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Recruiters Are Working Faster Than Ever to Land Candidates—5 Signs You Got a Job Offer Too Quickly

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After more than a year of record turnover, recruiters are going to extreme lengths and working as fast as ever to scoop up candidates.

But there is such a thing as getting a job offer too fast, recruiters say, and it can make the talent crunch even worse. One survey from the Muse found 72% of young job-seekers have felt a sense of surprise or regret that a new job wasn't what they expected it to be, and roughly 60% say they would quit within six months if a new job didn't live up to their expectations.

Angela Copeland, senior vice president of marketing for Recruiter.com, says candidates hold a lot of power in today's market, and they shouldn't feel pressured to accept anything before they're ready.

"If a company comes to you and decides almost immediately you're the right person and offers you the job, as exciting as it is, you're not being given the opportunity to get to know the company over time," Copeland says.

Here are five tell-tale signs you've gotten a job offer too fast, and what you can do to make a more informed decision.

You've only spoken with the recruiter

Remember that as a job-seeker, you should be interviewing the company just as they're interviewing you. Crystal Brown-Tatum, an HR director in Dallas, says that it's a big red flag if the recruiter speeds through an initial interview and offers you a role without speaking to more people on the team.

At minimum, you should have a conversation the person who will be directly managing you, Brown-Tatum says — even better, it's good to hear from a handful of leaders and peers at the company. "The HR person is hiring you because they have goals to meet," she says. "But you have to understand who you're actually going to be working with."

You could also connect with people at the company on your own. Shanyce Stewart, 30, did this while interviewing for a new tech job she'll do remotely from Long Island, New York. She says she wanted an "honest conversation" about what it's like to work there as a minority (Stewart is Black), as well as to get feedback as she moved through five rounds of interviews.

"Being that the position will be remote, creating this relationship will now allow me to have an additional person to speak to throughout my journey that's not specifically a team member," Stewart adds.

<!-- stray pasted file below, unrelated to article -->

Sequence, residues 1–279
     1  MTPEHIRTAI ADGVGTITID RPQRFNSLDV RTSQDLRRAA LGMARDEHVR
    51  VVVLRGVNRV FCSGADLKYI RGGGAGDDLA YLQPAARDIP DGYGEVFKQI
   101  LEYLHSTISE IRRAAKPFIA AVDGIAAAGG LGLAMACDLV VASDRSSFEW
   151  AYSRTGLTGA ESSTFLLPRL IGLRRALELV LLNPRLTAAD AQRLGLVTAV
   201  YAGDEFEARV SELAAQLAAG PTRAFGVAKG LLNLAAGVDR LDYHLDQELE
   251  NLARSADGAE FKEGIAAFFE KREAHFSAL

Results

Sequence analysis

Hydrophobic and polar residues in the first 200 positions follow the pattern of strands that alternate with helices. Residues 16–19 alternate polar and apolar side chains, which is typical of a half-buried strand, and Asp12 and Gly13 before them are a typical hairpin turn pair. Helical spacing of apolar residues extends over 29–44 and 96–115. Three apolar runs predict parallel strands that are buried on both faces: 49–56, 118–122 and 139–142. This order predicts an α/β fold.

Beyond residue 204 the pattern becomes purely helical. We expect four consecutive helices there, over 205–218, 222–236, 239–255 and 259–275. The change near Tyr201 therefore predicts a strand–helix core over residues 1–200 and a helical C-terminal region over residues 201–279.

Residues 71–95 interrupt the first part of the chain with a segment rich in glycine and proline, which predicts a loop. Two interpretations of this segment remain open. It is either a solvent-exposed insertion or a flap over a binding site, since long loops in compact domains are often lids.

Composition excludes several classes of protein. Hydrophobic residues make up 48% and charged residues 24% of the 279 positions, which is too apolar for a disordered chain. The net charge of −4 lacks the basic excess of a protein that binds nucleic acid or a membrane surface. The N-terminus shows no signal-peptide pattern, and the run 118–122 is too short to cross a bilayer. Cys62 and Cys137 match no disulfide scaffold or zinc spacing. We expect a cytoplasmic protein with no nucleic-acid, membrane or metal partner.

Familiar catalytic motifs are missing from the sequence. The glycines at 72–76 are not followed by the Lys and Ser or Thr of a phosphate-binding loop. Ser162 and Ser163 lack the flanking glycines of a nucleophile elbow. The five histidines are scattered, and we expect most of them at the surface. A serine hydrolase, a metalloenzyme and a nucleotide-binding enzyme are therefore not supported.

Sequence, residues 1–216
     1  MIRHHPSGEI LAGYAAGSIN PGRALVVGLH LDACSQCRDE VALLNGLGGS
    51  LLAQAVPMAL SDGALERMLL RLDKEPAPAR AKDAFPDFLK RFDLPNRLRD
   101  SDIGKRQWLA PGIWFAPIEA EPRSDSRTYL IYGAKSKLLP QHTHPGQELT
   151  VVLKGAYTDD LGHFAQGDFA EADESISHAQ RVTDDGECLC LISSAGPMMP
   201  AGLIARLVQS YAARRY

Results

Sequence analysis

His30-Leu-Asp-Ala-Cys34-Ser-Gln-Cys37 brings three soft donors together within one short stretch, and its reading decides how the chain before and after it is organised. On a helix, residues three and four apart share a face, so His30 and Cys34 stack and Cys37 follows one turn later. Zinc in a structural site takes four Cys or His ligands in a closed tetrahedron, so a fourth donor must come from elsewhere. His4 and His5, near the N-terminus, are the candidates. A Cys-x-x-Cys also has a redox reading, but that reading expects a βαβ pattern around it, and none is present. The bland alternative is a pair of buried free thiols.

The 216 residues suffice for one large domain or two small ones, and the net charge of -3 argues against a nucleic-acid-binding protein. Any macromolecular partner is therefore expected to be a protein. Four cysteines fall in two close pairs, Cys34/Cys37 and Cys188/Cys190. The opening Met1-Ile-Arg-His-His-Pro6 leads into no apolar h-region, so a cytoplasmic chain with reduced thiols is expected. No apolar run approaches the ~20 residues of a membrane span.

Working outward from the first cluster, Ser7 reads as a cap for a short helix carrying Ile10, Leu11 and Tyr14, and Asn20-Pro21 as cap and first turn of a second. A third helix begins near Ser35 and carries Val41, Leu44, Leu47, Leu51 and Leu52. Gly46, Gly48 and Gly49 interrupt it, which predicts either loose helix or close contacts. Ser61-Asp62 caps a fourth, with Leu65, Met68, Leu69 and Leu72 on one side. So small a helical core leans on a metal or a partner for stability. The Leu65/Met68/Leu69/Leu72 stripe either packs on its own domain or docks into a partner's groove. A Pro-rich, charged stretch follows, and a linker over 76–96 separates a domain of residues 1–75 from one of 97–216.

You haven't stepped foot in the office

More companies are hiring people remotely with the expectation that they'll come into the office every now and then in the future, Brown-Tatum says. If that's the case, make sure you've visited the workplace in-person to get a feel for the environment and how you feel there.

For example, Brown-Tatum once visited an office that cut its janitorial staff at the height of the pandemic. Brown-Tatum never would have known if she hadn't visited the location and seen the level of upkeep, or lack thereof, for herself.

If you're not in the same city as the office, Copeland says you can see if they'll fly you out for for a meeting. Or you could ask to see the space in a virtual tour.

You haven't seen an offer in writing

Brown-Tatum says it's bad form if you're expected to decide on a verbal offer before getting it in writing. If this happens, thank the hiring manager for the offer and say you're excited to see the total compensation package in writing before you get back to them.

It should go beyond stating your base pay, too, she says. Ask for a full rundown of employer-sponsored benefits like your retirement options, health insurance coverage and the paid time off policy.

You haven't discussed what you need to make a career change

Recruiters are casting a wider net by relaxing their requirements around education, location and years of experience, says Pete Lamson, CEO of Employ. It actually makes it a pretty good time to change industries.

But, you'll want to hear that the company understands what you might need to transition to a new role, like by detailing a 90-day onboarding plan or offering to cover the cost of your certifications or other career development trainings. If that's not clear to you at the offer stage, you have more to discuss before accepting an offer.

You notice hiring shortcuts

Usually at the offer stage, the recruiter will also explain what else goes into the final stages of hiring, like completing a background check or gathering documents for your I-9 employment verification.

It could be a bad sign if you notice these steps are missing from your conversation, Brown-Tatum says: "People want to hire immediately, but you can't circumvent HR or onboarding compliance. You still have to go through the right process."

Ultimately, Copeland encourages job-seekers to trust their gut to determine if an offer has come too fast. Candidates should ask themselves: How would I feel if I lost this opportunity?

If you'd kick yourself for not giving it a shot, it might be time to go into negotiations. But if you're indifferent about the opportunity and wouldn't be upset if it went away, you might feel more comfortable pushing for more information, interviews or time to think it over.

You should think about your personal risk tolerance as well, Copeland says. If you're supporting a family and trying to pay off debt or save for a house, you might not want to jump into a job you're not entirely sure about. But if you're on your own and OK with trying something different that comes with a big pay raise and shiny perks, it could be a risk you're willing and excited to take.

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